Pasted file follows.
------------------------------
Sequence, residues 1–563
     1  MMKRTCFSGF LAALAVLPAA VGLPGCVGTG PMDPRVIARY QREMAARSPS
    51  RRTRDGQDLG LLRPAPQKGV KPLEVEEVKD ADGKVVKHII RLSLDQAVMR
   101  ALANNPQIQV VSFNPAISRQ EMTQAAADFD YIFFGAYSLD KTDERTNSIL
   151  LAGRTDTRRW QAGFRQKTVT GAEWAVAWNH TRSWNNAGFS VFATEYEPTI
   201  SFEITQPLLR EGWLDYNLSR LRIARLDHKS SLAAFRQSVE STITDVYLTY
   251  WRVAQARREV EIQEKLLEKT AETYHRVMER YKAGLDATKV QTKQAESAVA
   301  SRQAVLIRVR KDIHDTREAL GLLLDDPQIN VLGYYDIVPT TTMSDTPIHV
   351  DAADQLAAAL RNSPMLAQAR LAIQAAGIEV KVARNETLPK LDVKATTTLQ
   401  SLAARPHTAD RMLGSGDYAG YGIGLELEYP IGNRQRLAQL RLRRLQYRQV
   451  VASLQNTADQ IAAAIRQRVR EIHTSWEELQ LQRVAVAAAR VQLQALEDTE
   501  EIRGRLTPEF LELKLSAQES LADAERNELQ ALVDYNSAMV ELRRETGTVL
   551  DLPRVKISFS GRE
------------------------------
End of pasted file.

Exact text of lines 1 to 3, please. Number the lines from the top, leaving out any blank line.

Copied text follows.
Sequence, residues 1–563
     1  MMKRTCFSGF LAALAVLPAA VGLPGCVGTG PMDPRVIARY QREMAARSPS
    51  RRTRDGQDLG LLRPAPQKGV KPLEVEEVKD ADGKVVKHII RLSLDQAVMR